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It is considered to be one of the most important treasures of the British Museum.
Buried Circa: 903 – 912 AD Historic Period: Carolingian / Viking Discovered When: 1840 Location Found: Lancashire | England Found By: Unknown Workers Displayed: British & Ashmolean Museums Primary Materials: Silver Number of Items: 8,600 Est.
It was classed as one of the top ten british treasures of all time.
Although damaged by ploughing it is one of only five such golden cups located anywhere in Europe.
This prompted a full archaeological investigation which revealed 75 complete golden torcs that had been buried in specific pits.
It is very possible that these were the ‘royal ornaments’ of the Norfolk Iceni tribe.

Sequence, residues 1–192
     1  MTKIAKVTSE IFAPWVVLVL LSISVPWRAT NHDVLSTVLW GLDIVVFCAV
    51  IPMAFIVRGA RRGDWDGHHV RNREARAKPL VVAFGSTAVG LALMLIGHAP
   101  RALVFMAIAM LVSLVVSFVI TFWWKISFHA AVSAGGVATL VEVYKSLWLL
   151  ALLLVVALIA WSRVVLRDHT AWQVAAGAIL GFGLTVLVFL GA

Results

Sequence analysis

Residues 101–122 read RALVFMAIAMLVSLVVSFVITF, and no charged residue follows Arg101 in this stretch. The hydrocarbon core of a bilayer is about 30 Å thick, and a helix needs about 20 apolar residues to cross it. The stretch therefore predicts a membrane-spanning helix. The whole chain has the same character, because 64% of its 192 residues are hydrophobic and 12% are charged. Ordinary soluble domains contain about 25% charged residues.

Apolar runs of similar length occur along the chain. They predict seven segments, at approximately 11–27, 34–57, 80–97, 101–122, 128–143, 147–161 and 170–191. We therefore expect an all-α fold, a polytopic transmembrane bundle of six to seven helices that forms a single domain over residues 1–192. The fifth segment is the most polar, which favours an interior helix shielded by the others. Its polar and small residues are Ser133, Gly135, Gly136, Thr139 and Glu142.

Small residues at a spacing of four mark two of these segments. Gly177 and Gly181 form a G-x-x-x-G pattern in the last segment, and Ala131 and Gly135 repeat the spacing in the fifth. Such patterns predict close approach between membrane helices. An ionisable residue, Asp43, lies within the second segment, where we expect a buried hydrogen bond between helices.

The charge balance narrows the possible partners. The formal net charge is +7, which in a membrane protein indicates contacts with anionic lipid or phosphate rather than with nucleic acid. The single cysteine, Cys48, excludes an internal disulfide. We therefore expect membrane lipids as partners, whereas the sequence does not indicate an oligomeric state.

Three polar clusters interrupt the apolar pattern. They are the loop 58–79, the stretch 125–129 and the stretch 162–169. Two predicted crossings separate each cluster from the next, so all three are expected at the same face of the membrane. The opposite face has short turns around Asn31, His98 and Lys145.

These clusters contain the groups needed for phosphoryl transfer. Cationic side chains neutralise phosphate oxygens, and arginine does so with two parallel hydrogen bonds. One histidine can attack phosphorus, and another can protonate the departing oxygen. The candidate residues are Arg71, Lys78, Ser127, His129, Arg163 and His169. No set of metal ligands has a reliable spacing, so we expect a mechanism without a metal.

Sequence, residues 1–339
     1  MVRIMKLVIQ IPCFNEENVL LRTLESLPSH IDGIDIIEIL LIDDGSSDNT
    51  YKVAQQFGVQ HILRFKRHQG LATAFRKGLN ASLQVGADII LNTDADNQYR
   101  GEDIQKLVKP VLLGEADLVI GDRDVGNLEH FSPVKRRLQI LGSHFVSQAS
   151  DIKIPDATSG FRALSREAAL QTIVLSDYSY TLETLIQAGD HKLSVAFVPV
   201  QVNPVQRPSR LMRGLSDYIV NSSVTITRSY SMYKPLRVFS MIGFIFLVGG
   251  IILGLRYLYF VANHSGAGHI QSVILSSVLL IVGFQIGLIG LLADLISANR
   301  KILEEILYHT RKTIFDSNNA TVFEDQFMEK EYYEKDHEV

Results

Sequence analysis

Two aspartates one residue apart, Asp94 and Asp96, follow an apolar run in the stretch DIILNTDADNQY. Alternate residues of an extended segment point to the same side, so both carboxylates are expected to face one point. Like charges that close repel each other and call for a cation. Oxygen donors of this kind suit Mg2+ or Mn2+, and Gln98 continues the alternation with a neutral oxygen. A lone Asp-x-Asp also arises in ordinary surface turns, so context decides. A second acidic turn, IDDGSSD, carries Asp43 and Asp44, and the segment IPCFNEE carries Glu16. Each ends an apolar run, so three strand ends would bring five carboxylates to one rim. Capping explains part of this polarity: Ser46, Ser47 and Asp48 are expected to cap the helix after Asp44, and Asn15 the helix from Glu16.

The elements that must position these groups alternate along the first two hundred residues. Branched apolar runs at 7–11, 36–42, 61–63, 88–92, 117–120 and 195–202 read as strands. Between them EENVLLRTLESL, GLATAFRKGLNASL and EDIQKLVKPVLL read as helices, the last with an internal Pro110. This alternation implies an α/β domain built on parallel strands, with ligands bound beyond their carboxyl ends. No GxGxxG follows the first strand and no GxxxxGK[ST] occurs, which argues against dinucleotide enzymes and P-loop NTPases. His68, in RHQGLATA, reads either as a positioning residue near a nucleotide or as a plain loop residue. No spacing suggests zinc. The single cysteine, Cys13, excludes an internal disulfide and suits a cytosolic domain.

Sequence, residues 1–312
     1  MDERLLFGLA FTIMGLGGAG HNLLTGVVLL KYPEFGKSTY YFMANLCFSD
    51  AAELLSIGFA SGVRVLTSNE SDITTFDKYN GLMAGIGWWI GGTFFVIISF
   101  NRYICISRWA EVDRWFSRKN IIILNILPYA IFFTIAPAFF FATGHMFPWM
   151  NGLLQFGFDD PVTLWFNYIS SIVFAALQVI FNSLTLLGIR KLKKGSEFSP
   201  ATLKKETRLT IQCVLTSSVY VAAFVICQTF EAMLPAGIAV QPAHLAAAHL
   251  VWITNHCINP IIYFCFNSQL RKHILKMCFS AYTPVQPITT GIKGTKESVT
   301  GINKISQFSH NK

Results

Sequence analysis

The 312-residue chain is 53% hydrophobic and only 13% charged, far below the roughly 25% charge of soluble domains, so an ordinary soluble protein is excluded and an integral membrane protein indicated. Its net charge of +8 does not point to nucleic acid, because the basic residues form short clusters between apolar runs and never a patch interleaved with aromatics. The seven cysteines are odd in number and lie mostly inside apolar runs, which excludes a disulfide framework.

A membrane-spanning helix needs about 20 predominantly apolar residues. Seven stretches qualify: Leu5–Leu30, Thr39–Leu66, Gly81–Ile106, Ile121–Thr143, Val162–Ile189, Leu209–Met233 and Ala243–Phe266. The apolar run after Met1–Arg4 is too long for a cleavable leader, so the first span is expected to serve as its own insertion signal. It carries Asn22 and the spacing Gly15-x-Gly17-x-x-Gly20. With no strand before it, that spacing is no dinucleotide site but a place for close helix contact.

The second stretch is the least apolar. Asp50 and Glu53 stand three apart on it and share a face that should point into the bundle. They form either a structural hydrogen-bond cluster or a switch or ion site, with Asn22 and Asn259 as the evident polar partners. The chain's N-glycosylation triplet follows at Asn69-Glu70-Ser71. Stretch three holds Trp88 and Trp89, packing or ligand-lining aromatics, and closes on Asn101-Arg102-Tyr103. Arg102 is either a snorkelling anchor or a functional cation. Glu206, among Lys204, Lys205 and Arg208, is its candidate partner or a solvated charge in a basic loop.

Over the decades a significant number of ‘British treasure troves’ have been discovered across the United Kingdom.
Buried Circa: 1,700 – 1,500 BC Historic Period: Bronze Age (Neolithic Styling) Discovered When: 2001 Location Found: Kent | England Found By: Mr Cliff Bradshaw (PMD*) Displayed: British Museum Primary Materials: Gold Number of Items: One Est.In most cases these treasures were hidden by their owners during times of social and political upheaval – although in the case of the Sutton Hoo burial and the From Hoard they were associated with deliberate religious rites.Although many such discoveries have already been made it is widely believed that many more exist waiting to be revealed.Value: £270,000 (2002) £470,000 (2013) The Ringlemere Gold Cup is a Bronze Age artefact that dates back to around 1650 BC.It was found in 2001 in a farmer’s field adjacent to Ringlemere Lane and one kilometre west-south-west of Marshborough in Kent.
While the gold and gemstones are enough to excite the treasure hunter in all of us, the true value of these finds lies in their ability to open a window in the lives of the British peoples across the millennia.